After expanding its streaming service into Canada, it seems Netflix is looking elsewhere internationally to build its business.
Speaking to the CBC last week, Netflix spokesman Steve Swasey said the company is "talking about other regions in the world." He went on to tell the publication that Netflix is planning to "continue our international expansion next year." He also told the CBC that the company will "allocate significant dollars to it."
Even more potential evidence of Netflix expanding internationally was revealed today when AdWeek cited unnamed sources that claim Netflix is working with "advertising and media agencies" around the world to determine ad placement. The report claims that those talks are currently "exploratory" in nature, but indicate that Netflix is getting serious about expanding the availability of its streaming offering.
As Netflix expands internationally, the company is leaving its DVD-by-mail service in its wake. In October, Netflix CEO Reed Hastings echoed that sentiment, saying that the focus of his company is changing. He also acknowledged at the time that he was looking outside of North America to expand Netflix's streaming operation.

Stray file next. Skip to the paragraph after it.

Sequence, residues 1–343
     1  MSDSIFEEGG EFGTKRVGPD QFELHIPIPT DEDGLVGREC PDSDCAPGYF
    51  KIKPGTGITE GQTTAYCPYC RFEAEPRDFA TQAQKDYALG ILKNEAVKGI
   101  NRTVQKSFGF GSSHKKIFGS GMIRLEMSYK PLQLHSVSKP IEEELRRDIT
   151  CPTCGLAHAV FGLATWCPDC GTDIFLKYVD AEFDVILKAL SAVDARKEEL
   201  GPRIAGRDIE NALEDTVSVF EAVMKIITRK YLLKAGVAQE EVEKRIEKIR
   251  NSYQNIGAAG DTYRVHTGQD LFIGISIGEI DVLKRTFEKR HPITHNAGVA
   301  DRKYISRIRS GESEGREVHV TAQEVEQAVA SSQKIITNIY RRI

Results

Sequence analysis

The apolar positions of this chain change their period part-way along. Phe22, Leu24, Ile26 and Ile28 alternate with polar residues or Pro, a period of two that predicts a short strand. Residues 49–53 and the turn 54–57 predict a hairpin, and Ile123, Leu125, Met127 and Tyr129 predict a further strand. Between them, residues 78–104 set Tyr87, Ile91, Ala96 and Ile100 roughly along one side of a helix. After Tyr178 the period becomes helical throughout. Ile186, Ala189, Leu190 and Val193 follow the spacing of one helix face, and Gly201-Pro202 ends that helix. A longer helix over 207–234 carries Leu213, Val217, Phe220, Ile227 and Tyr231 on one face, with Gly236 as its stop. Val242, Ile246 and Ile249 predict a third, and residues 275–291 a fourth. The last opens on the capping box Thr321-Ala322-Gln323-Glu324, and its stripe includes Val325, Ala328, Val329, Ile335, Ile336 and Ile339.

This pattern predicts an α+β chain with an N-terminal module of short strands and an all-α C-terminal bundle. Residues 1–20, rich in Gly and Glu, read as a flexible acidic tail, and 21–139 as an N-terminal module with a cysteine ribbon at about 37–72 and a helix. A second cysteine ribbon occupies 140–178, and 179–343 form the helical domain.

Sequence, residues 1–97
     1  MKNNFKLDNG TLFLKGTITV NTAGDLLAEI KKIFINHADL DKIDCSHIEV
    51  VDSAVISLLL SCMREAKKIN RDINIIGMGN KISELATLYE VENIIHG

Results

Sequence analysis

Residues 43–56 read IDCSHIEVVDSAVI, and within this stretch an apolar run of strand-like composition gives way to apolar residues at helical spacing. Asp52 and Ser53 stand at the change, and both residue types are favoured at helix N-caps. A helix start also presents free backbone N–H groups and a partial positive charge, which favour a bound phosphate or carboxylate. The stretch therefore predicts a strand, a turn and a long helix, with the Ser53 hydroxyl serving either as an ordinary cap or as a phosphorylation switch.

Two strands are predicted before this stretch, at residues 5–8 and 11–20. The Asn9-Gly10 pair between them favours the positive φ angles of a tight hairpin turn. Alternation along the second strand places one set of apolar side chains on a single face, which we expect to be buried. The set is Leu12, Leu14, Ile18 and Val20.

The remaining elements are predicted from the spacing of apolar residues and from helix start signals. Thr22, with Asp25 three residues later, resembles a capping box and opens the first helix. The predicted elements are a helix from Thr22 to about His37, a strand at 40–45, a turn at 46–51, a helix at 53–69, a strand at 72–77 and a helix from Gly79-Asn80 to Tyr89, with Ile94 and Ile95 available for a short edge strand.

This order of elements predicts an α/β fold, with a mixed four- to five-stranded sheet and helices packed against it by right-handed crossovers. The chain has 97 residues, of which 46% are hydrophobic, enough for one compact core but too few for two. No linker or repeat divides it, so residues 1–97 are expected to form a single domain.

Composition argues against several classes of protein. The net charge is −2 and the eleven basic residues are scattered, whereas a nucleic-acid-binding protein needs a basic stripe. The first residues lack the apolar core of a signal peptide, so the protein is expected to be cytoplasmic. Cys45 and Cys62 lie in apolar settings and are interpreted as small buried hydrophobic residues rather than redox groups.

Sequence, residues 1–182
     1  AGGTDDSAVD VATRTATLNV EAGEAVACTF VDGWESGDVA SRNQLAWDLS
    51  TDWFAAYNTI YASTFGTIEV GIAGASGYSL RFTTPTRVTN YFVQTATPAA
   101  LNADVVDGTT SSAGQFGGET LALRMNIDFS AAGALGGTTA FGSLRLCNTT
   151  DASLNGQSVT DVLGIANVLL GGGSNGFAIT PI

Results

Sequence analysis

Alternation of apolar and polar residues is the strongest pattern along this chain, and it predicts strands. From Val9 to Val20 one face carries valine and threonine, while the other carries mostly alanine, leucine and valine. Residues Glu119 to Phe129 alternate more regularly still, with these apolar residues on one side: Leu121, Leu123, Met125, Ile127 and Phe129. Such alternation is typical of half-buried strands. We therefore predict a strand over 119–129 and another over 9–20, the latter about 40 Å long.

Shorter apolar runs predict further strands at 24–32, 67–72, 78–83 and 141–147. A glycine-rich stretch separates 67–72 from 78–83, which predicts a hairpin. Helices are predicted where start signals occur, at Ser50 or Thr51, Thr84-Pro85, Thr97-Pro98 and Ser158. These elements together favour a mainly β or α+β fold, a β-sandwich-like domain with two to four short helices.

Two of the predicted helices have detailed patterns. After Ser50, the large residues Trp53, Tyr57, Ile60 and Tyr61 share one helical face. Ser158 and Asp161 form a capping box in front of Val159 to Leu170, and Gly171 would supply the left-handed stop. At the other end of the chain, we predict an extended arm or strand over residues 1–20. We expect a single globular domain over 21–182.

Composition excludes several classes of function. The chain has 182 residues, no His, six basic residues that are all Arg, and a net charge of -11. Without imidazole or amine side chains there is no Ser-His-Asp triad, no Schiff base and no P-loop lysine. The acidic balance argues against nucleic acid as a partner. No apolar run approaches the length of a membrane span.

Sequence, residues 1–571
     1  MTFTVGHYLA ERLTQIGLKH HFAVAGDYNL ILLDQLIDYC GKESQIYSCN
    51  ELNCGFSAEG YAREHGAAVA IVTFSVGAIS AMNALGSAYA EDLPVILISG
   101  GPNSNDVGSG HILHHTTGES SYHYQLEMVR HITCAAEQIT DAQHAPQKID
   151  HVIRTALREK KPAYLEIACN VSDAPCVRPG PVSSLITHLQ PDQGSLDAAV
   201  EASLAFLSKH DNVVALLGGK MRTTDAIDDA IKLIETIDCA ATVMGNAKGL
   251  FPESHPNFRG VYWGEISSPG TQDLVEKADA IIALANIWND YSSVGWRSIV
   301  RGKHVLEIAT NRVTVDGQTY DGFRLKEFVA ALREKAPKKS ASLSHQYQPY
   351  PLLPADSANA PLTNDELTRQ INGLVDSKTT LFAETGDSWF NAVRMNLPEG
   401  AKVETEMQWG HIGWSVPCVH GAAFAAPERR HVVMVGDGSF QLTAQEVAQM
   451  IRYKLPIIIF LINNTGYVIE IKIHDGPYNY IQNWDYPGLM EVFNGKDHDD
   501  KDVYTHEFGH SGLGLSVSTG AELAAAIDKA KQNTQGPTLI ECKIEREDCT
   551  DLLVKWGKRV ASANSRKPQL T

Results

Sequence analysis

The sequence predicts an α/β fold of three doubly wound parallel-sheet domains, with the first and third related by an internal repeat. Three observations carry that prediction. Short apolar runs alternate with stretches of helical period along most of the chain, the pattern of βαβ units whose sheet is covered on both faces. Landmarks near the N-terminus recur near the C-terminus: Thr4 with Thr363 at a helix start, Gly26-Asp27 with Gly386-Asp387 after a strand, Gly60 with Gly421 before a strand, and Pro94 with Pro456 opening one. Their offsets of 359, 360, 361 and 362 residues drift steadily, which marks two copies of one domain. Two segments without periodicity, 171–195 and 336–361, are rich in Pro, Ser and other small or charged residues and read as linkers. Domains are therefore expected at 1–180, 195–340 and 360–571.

"By every measure, we are now primarily a streaming company that also offers DVD-by-mail," Hastings said in a statement accompanying his company's third-quarter financial results. "At the same time, the introduction of our streaming offering in Canada in late September has provided us with very encouraging signs regarding the potential for the Netflix service internationally."
Hastings didn't say how popular its streaming offering is in Canada. However, Swasey told the CBC last week that the company plans on being profitable in that country by the one-year anniversary of its Canadian launch in September.
Expanding internationally seems like the next logical step for Netflix as it attempts to become the go-to streaming company service on different devices. However, it won't necessarily be met with open arms.
In Europe, for example, Netflix will be forced to compete with Lovefilm. That company currently caters to customers across the U.K., Sweden, Germany, and other countries. Aside from its by-mail service, the company has a streaming service like Netflix's. That offering is available on the PC and on Sony's PlayStation 3.
Regardless, Netflix has no other choice but to expand if it wants to see its streaming service continue to grow in leaps and bounds. But it should be interesting to see if it can maintain its winning streak.